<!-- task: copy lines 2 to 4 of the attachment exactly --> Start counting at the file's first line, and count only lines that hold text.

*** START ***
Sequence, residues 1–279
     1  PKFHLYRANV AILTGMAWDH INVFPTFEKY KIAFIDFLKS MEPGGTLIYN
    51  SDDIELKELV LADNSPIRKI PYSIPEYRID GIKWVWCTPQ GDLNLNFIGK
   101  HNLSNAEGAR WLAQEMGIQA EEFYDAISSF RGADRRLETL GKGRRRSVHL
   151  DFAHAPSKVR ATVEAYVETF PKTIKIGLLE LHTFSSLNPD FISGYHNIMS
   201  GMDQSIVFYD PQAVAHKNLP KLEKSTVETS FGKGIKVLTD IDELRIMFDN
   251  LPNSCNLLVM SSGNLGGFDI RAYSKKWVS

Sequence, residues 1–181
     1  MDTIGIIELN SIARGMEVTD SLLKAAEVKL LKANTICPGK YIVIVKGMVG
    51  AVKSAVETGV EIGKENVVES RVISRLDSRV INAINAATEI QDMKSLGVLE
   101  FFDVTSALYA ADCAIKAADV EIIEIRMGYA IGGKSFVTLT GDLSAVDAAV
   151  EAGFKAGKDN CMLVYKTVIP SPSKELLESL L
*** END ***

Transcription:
     1  PKFHLYRANV AILTGMAWDH INVFPTFEKY KIAFIDFLKS MEPGGTLIYN
    51  SDDIELKELV LADNSPIRKI PYSIPEYRID GIKWVWCTPQ GDLNLNFIGK
   101  HNLSNAEGAR WLAQEMGIQA EEFYDAISSF RGADRRLETL GKGRRRSVHL